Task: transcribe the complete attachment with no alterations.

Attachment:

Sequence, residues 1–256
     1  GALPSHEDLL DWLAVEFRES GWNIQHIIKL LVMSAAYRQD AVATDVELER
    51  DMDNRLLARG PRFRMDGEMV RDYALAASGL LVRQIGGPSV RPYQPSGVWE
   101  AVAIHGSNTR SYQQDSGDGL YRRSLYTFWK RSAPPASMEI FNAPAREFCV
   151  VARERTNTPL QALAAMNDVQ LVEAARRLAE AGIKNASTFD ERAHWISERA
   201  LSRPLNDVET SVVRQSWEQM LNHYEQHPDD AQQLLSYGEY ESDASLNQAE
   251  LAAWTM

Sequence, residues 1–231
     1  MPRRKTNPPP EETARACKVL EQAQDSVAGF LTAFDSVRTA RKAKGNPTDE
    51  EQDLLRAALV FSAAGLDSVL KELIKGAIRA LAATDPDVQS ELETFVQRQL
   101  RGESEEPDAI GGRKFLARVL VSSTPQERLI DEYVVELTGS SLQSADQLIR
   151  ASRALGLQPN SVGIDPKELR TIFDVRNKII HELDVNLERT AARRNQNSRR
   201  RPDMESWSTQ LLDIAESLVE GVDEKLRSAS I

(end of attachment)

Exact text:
Sequence, residues 1–256
     1  GALPSHEDLL DWLAVEFRES GWNIQHIIKL LVMSAAYRQD AVATDVELER
    51  DMDNRLLARG PRFRMDGEMV RDYALAASGL LVRQIGGPSV RPYQPSGVWE
   101  AVAIHGSNTR SYQQDSGDGL YRRSLYTFWK RSAPPASMEI FNAPAREFCV
   151  VARERTNTPL QALAAMNDVQ LVEAARRLAE AGIKNASTFD ERAHWISERA
   201  LSRPLNDVET SVVRQSWEQM LNHYEQHPDD AQQLLSYGEY ESDASLNQAE
   251  LAAWTM

Sequence, residues 1–231
     1  MPRRKTNPPP EETARACKVL EQAQDSVAGF LTAFDSVRTA RKAKGNPTDE
    51  EQDLLRAALV FSAAGLDSVL KELIKGAIRA LAATDPDVQS ELETFVQRQL
   101  RGESEEPDAI GGRKFLARVL VSSTPQERLI DEYVVELTGS SLQSADQLIR
   151  ASRALGLQPN SVGIDPKELR TIFDVRNKII HELDVNLERT AARRNQNSRR
   201  RPDMESWSTQ LLDIAESLVE GVDEKLRSAS I